According to my pre-trip reading, this was supposed to be one of the most, if not the most livable city in Japan for expats, but lacking in major attractions. On reflection, I’d say that was a fair call, although it was hard to judge the standard of life here on just a flying visit.
The station in the centre of town is Sannomiya (although the Shinkansen arrives at Shin-Kobe) and since I had the cheap JR Seishun-18 ticket, it was here that I alighted. A short walk up the hill brings you to a strange district known as Kitano, which contains various examples of western style houses from France, Italy, England, Denmark, Austria etc.
Having grown up in Europe, these houses looked remarkably normal and unimpressive to me, although it was admittedly a little intriguing to see the Japanese eagerly snapping photos of them. Naturally, I did not fork out the steep entrance fees to go inside the buildings, but I did climb up to the Shinto shrine at the top for some nice views out onto Osaka Bay.
I may have had some beef with the houses, but I had no beef with the beef. Kobe is famous across Japan for its marbled meat and I purchased a little of it (a proper serving at a restaurant would have blown a few days’ budget) in the souvenir shop at Shin-Kobe station to eat at the nearby waterfall.
Well, that was the plan. I was a little blasé reading the instructions to get there and went over the station instead of under it and ended up following a completely different road uphill.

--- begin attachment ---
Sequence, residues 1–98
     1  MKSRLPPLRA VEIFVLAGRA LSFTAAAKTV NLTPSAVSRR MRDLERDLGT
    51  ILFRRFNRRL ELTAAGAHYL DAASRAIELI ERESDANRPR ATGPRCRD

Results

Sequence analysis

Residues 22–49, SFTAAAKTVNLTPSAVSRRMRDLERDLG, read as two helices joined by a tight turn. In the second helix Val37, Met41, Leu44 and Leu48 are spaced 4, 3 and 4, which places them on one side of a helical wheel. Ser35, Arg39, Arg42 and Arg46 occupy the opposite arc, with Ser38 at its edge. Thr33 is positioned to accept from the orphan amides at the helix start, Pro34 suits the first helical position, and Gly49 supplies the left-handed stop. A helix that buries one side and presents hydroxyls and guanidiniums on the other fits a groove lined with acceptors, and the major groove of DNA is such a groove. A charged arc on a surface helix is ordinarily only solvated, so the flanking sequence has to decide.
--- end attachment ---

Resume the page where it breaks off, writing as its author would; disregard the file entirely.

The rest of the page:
After climbing for about 30 minutes, drenched in sweat, I decided I had probably gone the wrong way. By this time, I was way up in the mountains by a stream all on my own, which was, as it happened, a perfect place to stop for food.
I descended then ascended again, this time the right way. Nunobiki Waterfall was fairly impressive, but full of Japanese tourists and a few noisy children. I was not too disappointed I’d gone the wrong way earlier for my lunch.
The other thing that Kobe is known for is the devastating earthquake that struck here in 1995. I can still remember seeing images of the damage on TV in England as a 13-year-old. I witnessed no lingering effects during my visit and the town seemed to have confidently moved on.
Kobe. It was nice enough for a day out, but all in all nothing spectacular.